Latest insights from an indepth interview with Randal Glick, Digital Marketing lecturer at the Digital Skills Academy about the future of SEO.

SEO – how would you explain to a newbie what this means?

SEO (search engine optimisation) is about making sure your site is found in search engines, organically not through purchasing ads, for services and products you provide.

Why is SEO still important for 2016?

Search is still strong and still the leading referrer to most websites. Getting people to the right pages straight off the bat is going to be important as long the internet is used to search.

What do you think about the evolution of the semantic web, are we close to having one?

It’s grown leaps and bounds over the last 18 years, we talk about Google now. Google emerged in 1998, and achieved pre-eminence in 2002. Since then they have dominated search. We talk about ‘google’ but really we mean ‘search’, it’s just that Google have been leading the way for a while. Three to four years ago Google released a video about the knowledge graph.

This showed how we are moving to a more semantic tool, this is what Google are aiming for. They want to make it more interactive, with the goal to build knowledge based relationships, so that you get better searches. A lot of content has been written now using thematic content rather than simply using key words repetitively. People have forgotten what SEO should be about. In the early days search engines just understood keywords, but they have evolved and are much more sophisticated now.

What makes good SEO?

Caring more for the searcher than the site. If you concentrate in providing a good, useful experience to your visitors, you will start seeing an improvement in Google with far less effort than if you tried to constantly find new loopholes to exploit in Google’s algorithms while they constantly close them. Now it is about better content and is it relevant content in relation to what the searcher was looking for. It used to be that you would double up on keywords, but now and going forward you have to care for your searcher more than your site. If not you might get a sale but not repeat experience.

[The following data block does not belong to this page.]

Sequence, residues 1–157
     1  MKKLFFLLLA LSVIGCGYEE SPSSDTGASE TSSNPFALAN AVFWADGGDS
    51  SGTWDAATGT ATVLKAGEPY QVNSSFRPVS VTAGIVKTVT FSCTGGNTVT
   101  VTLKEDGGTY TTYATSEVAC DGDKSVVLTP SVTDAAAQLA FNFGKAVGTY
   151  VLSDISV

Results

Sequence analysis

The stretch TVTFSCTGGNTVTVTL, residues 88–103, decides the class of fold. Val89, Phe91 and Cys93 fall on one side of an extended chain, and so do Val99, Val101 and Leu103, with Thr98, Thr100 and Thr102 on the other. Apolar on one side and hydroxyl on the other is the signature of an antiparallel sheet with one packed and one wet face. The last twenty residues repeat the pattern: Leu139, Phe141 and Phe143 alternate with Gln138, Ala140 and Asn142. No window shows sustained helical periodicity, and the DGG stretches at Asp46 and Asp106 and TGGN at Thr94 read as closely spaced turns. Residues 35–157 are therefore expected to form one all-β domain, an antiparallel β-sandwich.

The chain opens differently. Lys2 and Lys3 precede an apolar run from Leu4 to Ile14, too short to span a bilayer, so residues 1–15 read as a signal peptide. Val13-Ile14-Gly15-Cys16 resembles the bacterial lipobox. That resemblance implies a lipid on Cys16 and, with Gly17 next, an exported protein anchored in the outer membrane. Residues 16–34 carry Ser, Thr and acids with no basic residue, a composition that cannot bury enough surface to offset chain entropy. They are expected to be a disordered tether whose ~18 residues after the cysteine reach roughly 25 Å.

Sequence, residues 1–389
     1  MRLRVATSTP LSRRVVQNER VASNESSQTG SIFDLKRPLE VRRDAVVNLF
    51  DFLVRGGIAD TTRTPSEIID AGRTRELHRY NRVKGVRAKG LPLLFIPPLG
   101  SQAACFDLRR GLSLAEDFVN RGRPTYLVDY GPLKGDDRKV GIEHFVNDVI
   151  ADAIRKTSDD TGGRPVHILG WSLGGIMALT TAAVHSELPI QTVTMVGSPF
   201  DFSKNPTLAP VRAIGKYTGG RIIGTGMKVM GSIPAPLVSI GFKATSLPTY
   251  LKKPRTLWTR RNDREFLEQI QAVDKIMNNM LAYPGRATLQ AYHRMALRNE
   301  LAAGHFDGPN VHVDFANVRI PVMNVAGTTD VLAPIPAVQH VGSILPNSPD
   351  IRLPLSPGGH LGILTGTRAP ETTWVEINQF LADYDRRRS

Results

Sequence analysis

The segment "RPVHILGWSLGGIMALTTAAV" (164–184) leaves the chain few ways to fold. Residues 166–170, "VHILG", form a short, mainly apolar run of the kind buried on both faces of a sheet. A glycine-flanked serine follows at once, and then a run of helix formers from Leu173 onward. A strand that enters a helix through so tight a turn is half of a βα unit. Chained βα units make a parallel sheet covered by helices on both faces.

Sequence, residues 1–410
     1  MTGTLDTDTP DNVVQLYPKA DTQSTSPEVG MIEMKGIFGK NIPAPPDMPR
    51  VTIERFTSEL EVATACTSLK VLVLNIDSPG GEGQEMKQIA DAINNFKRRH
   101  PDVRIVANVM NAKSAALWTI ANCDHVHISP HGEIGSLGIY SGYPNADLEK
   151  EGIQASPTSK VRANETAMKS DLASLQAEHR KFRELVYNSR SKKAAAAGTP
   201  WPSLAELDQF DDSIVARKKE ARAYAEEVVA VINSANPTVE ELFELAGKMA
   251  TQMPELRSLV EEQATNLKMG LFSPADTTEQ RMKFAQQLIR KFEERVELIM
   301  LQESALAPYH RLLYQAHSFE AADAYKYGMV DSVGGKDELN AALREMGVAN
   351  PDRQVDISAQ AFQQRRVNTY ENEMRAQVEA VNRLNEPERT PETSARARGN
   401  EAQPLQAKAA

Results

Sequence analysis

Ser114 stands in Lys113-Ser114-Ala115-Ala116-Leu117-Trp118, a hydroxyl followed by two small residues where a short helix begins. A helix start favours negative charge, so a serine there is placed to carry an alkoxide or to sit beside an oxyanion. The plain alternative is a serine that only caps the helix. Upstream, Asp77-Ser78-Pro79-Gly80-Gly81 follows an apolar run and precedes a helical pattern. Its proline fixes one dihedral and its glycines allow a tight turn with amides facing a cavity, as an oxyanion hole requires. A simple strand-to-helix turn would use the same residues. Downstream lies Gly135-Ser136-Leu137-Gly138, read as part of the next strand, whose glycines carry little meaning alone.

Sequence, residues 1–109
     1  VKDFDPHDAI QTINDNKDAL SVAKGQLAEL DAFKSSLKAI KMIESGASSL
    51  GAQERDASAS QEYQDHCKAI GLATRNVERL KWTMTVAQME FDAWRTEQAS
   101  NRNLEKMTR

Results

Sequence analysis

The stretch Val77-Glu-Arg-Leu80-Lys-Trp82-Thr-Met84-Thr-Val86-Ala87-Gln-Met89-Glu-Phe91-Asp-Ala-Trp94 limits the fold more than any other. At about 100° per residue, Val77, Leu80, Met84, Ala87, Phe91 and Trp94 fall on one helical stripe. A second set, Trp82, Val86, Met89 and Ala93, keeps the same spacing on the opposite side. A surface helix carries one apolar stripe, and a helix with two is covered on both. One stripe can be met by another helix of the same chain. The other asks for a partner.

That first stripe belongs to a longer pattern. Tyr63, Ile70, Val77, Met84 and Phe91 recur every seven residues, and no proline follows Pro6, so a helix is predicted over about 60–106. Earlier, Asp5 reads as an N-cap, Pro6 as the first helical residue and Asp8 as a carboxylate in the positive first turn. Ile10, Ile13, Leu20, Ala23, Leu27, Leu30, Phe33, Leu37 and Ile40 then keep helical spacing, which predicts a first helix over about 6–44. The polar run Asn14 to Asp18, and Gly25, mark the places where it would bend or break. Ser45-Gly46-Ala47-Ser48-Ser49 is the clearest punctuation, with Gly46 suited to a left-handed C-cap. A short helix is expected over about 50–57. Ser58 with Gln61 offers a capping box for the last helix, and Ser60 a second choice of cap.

It is important to make a good UX (user experience) for your site, to design the site for success. While keeping in mind what you want people to do, what your end goal is. Now included in the Google search algorithm is an assessment of whether if people succeed on the site. This a good sign of whether the site is relevant. Google measures whether you completed goals on the website. If you bought shoes on a shoe selling website, Google sees this as sign that it’s a good site. You need a good website, UX is important, make sure you clean up the technical hiccups, and have good page-load times, but overall make sure you have a clear understanding of what you want visitors to your site to do. Top Tip: Use the Web Page Test Tool to measure your websites load time.

Top Tip: Use the Web Page Test Tool to measure your websites load time.

The Google search algorithm is constantly evolving. Why this is something to be aware of and how it has changed?

The all-consuming mantra of most SEO practitioners “watch out what Google changes” … for 98-99% of websites that concern themselves with being the best they can be, ethically and morally, they won’t have to worry overmuch about what Google does. Google is plugging loopholes and improving its search results so that its user base will get the best quality search results possible, and that is an ever evolving process. However, being aware of the updates and changes will let website owners know what is going on in the search world, and provide them with knowledge about stuff they shouldn’t be doing Websites need to be the best they can be ethically and morally. If you can stand over your SEO strategy and feel comfortable explaining it to members of your family then it’s probably a good approach. If not, you may achieve short term gains but you are risking longer term negative consequences.

Are Bing and the other search engines still important to consider when planning SEO campaigns?

Absolutely, it’s Search Engine Optimisation, not Google optimisation, but for the most part, if you get things right with Google, you will get it right with the rest of the engines as they tend to follow Google’s lead (which is why Google will remain in dominant position until a challenger comes out).

Also, there’s a lot of local SEO that helps businesses of all sizes be found within their community (community can refer to local neighbourhood or country) and it’s important to understand which search engine your target audience is using and following the guidelines that engine provides to optimise accordingly. Bing/Yahoo are still used by about 20% of the search audience in the US. Baidu has about 74% of China’s searches (Google only 2.5%) so knowing your audience is of huge importance with any marketing campaign you run.